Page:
According to the legend, Bellelay Abbey was founded in 1136 by Siginand, prior of the abbey of Moutier-Grandval, who got lost in the deep forest of the High Jura while hunting a wild boar and was unable to find his way out. He vowed to found a monastery if he managed to return safely to Moutier, which he did four days later. To the monastery he founded in accordance with his vow he gave the name of 'belle laie' ('laie' is a female wild boar).
According to other sources, the monastery was probably founded as a result of the influence of the Bishop of Basel on the south-west border of the diocese of Basel with the territory of the Abbot of Moutier-Grandval. The foundation was confirmed by Pope Innocent II in 1142.
The abbey possessed various estates widely scattered. It was the mother-house of several other foundations, including Grandgourt Priory, Gottstatt Abbey and Himmelspforte Abbey at Grenzach-Wyhlen in Baden-Württemberg.
Bellelay was under the authority of the diocese of Basel, but operated as an independent lordship under the terms of a protection contract agreed with Bern and Solothurn (by 1414 at the latest) and also with Biel in 1516.
Although the abbot had the right of the low justice in the abbey's immediate territory, and was awarded the right to the use of the ring, the mitre and the cross at the Council of Constance in 1414, it does not seem that Bellelay was ever an Imperial abbey.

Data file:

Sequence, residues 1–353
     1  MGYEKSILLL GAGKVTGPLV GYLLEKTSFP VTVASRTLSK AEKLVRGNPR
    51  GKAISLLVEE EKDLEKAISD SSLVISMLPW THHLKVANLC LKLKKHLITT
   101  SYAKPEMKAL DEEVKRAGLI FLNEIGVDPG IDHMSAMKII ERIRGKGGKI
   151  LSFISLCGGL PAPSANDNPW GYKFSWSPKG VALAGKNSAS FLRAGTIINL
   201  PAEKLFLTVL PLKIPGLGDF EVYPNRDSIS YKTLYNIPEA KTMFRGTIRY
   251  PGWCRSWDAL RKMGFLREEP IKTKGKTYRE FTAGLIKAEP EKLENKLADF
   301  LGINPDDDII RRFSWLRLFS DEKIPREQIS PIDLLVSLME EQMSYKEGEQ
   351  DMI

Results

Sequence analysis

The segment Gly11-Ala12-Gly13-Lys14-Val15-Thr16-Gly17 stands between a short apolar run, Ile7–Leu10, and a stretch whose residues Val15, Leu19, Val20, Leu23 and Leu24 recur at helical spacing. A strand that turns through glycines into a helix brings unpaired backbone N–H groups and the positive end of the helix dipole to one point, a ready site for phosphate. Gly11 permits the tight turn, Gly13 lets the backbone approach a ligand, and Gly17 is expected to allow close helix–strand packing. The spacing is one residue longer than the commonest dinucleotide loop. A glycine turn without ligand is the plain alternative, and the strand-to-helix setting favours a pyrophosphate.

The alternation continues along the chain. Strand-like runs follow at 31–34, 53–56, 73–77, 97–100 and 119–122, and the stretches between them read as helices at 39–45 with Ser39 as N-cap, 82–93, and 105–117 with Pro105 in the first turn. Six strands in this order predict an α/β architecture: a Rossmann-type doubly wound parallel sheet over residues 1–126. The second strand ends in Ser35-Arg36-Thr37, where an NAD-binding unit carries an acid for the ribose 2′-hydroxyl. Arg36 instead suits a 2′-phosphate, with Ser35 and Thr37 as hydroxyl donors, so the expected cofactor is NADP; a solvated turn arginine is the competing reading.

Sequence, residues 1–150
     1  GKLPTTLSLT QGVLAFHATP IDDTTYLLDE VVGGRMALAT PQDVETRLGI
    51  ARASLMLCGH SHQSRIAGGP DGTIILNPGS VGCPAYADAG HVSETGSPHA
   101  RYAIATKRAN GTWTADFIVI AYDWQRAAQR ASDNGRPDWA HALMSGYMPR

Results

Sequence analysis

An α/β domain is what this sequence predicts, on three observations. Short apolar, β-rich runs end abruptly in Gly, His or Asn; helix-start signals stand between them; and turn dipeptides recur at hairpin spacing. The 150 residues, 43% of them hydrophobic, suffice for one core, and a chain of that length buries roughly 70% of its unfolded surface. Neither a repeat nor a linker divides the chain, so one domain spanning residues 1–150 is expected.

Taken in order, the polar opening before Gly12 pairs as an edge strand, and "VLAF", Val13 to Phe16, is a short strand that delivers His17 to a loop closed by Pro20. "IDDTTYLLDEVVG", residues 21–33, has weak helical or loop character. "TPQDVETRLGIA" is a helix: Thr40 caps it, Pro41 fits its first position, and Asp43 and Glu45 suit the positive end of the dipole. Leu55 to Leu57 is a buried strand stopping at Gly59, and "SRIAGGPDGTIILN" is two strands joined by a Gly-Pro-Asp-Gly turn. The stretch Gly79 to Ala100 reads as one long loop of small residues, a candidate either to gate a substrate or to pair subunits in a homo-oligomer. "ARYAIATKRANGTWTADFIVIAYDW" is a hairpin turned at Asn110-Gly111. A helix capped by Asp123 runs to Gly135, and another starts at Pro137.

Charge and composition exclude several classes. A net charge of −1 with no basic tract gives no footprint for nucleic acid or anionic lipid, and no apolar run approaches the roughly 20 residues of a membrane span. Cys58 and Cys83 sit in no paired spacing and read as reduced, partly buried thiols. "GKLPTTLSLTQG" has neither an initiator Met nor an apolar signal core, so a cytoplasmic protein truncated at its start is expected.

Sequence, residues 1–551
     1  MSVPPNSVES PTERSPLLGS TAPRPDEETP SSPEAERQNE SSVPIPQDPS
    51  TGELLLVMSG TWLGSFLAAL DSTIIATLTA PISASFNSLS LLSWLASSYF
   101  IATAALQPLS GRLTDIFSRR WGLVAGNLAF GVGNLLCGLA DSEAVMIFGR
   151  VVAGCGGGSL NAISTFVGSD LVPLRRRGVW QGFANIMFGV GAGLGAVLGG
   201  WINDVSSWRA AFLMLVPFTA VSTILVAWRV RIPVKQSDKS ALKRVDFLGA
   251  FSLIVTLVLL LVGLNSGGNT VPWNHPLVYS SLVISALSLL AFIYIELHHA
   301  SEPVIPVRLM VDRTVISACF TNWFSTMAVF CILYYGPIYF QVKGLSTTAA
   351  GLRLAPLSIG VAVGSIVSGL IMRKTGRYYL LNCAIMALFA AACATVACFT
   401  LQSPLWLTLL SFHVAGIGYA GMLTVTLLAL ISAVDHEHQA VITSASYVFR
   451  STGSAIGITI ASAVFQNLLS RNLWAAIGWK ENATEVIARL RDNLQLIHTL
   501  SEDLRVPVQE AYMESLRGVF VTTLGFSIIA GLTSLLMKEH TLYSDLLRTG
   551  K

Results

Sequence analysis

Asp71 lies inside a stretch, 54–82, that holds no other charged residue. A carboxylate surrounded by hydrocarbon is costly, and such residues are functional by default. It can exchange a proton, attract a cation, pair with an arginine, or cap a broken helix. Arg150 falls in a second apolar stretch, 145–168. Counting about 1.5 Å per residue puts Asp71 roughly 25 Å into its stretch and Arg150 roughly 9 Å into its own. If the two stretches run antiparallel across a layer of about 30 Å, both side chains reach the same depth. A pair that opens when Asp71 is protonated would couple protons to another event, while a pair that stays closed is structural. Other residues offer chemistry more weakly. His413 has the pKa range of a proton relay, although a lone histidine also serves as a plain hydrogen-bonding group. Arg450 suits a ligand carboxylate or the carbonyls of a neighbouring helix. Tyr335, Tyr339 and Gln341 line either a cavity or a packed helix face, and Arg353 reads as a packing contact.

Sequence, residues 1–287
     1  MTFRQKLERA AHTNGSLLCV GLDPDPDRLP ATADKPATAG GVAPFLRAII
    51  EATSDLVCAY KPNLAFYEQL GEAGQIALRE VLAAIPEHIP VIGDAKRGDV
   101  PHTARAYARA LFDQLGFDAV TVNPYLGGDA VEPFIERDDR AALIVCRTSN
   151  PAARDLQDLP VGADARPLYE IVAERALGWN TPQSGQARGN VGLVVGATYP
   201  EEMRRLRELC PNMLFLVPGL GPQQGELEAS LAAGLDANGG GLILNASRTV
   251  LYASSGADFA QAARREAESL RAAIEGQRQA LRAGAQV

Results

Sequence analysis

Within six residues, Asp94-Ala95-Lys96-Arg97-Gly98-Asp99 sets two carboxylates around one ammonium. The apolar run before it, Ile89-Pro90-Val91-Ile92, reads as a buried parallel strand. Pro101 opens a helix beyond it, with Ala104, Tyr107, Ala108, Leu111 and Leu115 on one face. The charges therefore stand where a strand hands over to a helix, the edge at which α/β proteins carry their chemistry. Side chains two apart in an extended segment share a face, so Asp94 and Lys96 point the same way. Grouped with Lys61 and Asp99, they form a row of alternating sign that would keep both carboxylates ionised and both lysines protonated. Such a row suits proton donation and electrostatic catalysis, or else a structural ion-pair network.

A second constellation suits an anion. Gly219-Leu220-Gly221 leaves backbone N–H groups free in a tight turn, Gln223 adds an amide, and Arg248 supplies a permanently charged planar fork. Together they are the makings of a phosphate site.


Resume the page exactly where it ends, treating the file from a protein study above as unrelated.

The buildings were ransacked during the Swabian War in 1499. During the Protestant Reformation some of the residents converted to the new faith. However, thanks to the treaty with Solothurn the monastery was spared the effects of the Thirty Years' War. The abbey reached its golden age in the 18th century as a renowned place of education for the sons of European nobility. During the 18th century the monastery buildings were rebuilt and a new church building was dedicated in 1714. The monastery university opened in 1772 and by 1779 it had 62 pupils from throughout Europe. A new dormitory wing was added in 1782 to accommodate the growing student population and by 1797 there were about 100 students at Bellelay.
Bellelay Abbey is the home of the cheese Tête de Moine, first made by the monks in the 12th century.
In 1797 the buildings were occupied by French troops and secularised. The precious furnishings were sold at this time – an altar from Bellelay, for example, is now to be found in the parish church of Our Lady of the Assumption in Saignelégier.
In the 19th century the monastery premises were used as a watch factory, then as a brewery and finally as a glass factory. In 1890 the Canton of Bern acquired the site, from which time the monastery buildings have been used as a psychiatric clinic.
Since the end of the 1960s the premises have also been used for concerts and exhibitions by the Fondation de l'Abbatiale de Bellelay.
The present structure of the abbey church of the Assumption was built by Franz Beer on the Vorarlberg Baroque model between 1708 and 1714. The church has two towers on the west front which formerly had onion domes. The interior is decorated with painted stucco by the Wessobrunn School, created in 1713. The other monastery buildings in the Baroque style are also from the 18th century.References: